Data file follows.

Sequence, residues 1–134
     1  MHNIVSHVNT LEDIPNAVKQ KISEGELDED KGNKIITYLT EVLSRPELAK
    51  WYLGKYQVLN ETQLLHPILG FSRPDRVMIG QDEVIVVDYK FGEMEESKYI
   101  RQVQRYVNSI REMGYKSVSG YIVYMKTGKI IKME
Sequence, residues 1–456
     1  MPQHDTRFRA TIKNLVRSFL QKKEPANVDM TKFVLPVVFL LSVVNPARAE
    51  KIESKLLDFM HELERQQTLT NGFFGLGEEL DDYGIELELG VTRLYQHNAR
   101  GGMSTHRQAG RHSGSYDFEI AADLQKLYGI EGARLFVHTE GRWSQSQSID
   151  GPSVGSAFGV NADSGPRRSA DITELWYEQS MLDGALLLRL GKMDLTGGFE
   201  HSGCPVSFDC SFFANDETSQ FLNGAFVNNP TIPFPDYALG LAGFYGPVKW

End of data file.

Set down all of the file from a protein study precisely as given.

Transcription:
Sequence, residues 1–134
     1  MHNIVSHVNT LEDIPNAVKQ KISEGELDED KGNKIITYLT EVLSRPELAK
    51  WYLGKYQVLN ETQLLHPILG FSRPDRVMIG QDEVIVVDYK FGEMEESKYI
   101  RQVQRYVNSI REMGYKSVSG YIVYMKTGKI IKME
Sequence, residues 1–456
     1  MPQHDTRFRA TIKNLVRSFL QKKEPANVDM TKFVLPVVFL LSVVNPARAE
    51  KIESKLLDFM HELERQQTLT NGFFGLGEEL DDYGIELELG VTRLYQHNAR
   101  GGMSTHRQAG RHSGSYDFEI AADLQKLYGI EGARLFVHTE GRWSQSQSID
   151  GPSVGSAFGV NADSGPRRSA DITELWYEQS MLDGALLLRL GKMDLTGGFE
   201  HSGCPVSFDC SFFANDETSQ FLNGAFVNNP TIPFPDYALG LAGFYGPVKW